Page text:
While antihistamines can be helpful for managing allergies or general itches from insect bites etcetera ; they may cause side effects including dryness of eyes and mouth , drowsiness especially among older adults which would severely impede functionality levels .

Antihistamines come under scrutiny now more than ever owing to controversies around long term use where possible links towards dementia have emerged(Scary isn’t it!?)

Another complication involves The Cytochrome P450 enzyme problem complex which breaks down different classes of drug . This could theoretically lead towards increased serum concentrations ultimately worsening problems related liver disease
(In short
:”liver no likey”)
There’s not enough concrete evidence yet to say whether antihistamines worsen psoriatic symptoms over time but practitioners might still encourage monitoring response through regular check ups while taking note common issues like dry mouth and changes in mental awareness.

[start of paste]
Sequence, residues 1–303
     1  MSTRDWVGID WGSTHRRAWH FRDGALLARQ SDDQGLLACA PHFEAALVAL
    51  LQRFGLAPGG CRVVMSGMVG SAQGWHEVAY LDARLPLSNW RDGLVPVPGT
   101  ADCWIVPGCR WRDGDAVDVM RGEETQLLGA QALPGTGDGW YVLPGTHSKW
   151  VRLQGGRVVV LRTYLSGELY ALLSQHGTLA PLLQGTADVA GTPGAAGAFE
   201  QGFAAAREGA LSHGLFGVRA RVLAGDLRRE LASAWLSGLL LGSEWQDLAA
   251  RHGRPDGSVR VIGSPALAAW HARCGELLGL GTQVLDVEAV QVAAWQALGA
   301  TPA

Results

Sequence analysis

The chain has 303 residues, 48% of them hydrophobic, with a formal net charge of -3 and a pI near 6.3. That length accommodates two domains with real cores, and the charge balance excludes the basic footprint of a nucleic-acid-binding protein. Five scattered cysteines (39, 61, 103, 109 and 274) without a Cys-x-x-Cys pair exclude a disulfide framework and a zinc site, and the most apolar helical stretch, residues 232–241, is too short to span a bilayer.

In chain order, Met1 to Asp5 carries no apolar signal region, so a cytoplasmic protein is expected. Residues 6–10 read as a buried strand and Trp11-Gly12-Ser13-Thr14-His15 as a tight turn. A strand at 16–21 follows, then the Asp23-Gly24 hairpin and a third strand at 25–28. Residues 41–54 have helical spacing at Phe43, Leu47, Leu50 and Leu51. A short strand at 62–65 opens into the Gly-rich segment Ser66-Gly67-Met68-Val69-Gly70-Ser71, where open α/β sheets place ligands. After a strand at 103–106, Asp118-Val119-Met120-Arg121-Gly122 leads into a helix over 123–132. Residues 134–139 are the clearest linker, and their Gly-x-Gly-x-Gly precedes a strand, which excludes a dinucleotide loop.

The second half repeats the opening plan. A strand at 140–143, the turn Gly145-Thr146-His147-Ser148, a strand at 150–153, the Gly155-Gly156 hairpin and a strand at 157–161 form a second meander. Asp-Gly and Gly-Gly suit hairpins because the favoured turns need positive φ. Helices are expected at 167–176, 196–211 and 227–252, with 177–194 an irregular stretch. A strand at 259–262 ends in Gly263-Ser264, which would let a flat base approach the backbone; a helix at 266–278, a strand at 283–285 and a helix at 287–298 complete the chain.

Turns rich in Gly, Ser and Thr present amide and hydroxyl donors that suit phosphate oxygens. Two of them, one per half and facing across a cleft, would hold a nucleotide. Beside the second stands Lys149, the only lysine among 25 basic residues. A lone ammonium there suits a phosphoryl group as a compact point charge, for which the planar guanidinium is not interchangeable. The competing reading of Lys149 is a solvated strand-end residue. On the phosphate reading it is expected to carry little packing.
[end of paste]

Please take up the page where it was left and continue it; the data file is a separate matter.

So, do antihistamines help psoriasis? Well. Yes and no: While some studies suggest that they could be effective when used together with other medications; generally speaking , there isn’t enough evidence to support using only antihistamine medication for the treatment of psoriasis .

That’s not to say that if you suffer from general itching or minor allergies that can worsen your situation, taking an antihistamine just wouldn’t work . Remember : talk to a licensed Dermatological physician about what form of therapy is best suited specifically towards your individual case!.

In summary, Psoriasis is life long (or so they say) but there are various means which can empower you take control over powerfully irritating,maddening itch!